You need to go on Shark Tank and This is the perfect Shark Tank product were phrases that prompted Martin Dimitrov, WHS alumnus, to take his company, SnapClips, safe and easy weight collars, to the show back in September. While enrolled in the entrepreneurship program at WHS, John Kritek, business education teacher, entertained the idea to Dimitrov, but was hesitant since he would’ve had to give up 5% of his company regardless of getting a deal or not.
“That was one of the reasons and in the back of my mind, I was timid about it. When you think about it, being a high school kid- what are the chances of me going on Shark Tank and getting a deal,” Dimitrov said.
3 years later, with the support of one of his mentors, Patrick Tannous, also a WHS alumnus, Dimitrov was off to test his luck in the Shark Tank. All of his hard work paid off as SnapClips, caught the interests of Lori Greiner, Mark Cuban, and Alex Rodriguez. Dimitrov described pitching in front of to well-known entrepreneurs was an out of body experience.
“It was crazy. I went in there super confident, knowing what I wanted, who I wanted to do a deal with, and then when I went in there, it was kind of like an autopilot. I didn’t really feel like I was there,” Dimitrov said.
Even though Dimitrov felt that his pitch was perfect, if given the chance to relive that
moment again, he admits that he would have tried asking Mark Cuban for courtside seats or maybe tried getting a better deal.
“Just small things, nothing crazy,” Dimitrov said.
Making a deal with both Mark Cuban and Alex Rodriguez sent Dimitrov from the tank to cloud 9, but knew that they would be excited about the product before pitching due to their backgrounds. Cuban owns the Dallas Mavericks and Rodriguez, a retired professional baseball player, owns almost a thousand gyms, so it made sense for them to be on board.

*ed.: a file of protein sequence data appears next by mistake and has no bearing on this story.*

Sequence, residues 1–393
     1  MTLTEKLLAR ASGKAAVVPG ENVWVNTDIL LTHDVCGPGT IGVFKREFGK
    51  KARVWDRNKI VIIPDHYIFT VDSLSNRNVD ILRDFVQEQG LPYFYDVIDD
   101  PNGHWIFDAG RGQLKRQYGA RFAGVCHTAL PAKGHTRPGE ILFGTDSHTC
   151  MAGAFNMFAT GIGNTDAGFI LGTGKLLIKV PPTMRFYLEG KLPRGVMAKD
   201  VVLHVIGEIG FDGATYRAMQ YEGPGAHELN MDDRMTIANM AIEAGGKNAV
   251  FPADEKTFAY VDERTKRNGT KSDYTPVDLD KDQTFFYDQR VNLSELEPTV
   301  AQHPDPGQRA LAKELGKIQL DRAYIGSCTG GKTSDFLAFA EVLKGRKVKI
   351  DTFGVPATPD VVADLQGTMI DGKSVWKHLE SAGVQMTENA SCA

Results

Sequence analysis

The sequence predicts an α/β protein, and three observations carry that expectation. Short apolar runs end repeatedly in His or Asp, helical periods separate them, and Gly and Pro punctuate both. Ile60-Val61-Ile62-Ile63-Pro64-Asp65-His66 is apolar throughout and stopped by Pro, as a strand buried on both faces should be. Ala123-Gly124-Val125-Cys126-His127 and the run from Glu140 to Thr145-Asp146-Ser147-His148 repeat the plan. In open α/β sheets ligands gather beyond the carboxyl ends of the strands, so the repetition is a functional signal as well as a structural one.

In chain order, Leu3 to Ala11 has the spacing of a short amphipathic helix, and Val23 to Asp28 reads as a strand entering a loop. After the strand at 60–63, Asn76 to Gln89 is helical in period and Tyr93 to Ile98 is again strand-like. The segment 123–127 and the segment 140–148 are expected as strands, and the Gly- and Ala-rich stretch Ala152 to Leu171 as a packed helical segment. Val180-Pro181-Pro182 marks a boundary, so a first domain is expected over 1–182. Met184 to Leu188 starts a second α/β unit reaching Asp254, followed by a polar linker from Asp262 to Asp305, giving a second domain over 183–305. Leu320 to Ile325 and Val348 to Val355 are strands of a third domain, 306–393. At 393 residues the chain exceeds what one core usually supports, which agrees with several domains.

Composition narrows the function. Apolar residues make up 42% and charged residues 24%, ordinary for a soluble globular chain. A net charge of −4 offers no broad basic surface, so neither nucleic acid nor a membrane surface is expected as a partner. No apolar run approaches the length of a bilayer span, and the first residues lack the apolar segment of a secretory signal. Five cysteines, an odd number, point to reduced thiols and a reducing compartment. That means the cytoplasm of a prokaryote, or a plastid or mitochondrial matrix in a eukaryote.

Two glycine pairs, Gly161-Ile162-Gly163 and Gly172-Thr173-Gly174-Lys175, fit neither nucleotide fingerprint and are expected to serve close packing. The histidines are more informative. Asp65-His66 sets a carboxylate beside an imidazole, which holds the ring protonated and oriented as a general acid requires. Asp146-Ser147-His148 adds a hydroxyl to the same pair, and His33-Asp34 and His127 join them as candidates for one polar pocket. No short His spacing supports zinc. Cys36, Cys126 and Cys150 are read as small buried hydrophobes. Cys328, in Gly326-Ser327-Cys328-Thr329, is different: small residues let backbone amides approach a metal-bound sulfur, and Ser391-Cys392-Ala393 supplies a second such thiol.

“Then when Lori came in it was just even better because we have other purposes of the product that she can be helpful with and that was just the icing on top,” Dimitrov said.
Before teaming up with Cuban and Rodriguez, Greiner actually offered Dimitrov a partnership but that meant he would be giving up 50% of his company which he respectfully turned down.
“I started smiling because I thought it was funny. There wasn’t a chance I was gonna take a deal like that,” Dimitrov said.
After the show aired, orders for SnapClips were pouring in- so much so that the website crashed.
“There was literally no time to celebrate or do anything. There was just fulfilling all the orders that we got from the show,” Dimitrov said.
In the show, he may have already taken a deal with the sharks, but behind the scenes, they are still negotiating. He almost walked away from the deal altogether, but the sharks reeled him back. They’re still trying to figure everything out, but nonetheless this process has taught him valuable lessons that will stay with him through his future endeavors.
“More recently, I’ve learned to not trust everyone. You really can’t trust anyone in business because everyone is just out there, making money for themselves. I had to learn to reread and triple check contracts before you sign them and make sure that what you’re signing right now you’re gonna be ok with in a few years. The number one thing I’ve learned is make sure you have a plan, break it down, attack it step by step- nothing happens overnight, everything is a long process. You have to have a vision because if you don’t have a vision or an end goal then you don’t know where you’re going and you’re not gonna end up where you wanna be,” Dimitrov said.
As for now, SnapClips is going into a research and development stage in which Dimitrov and his team will figure out exactly where he wants to take the company and launch SnapClips in a couple of different industries.
“It’s gonna be like a whole new SnapClips. We’re taking it to the next level,” Dimitrov said.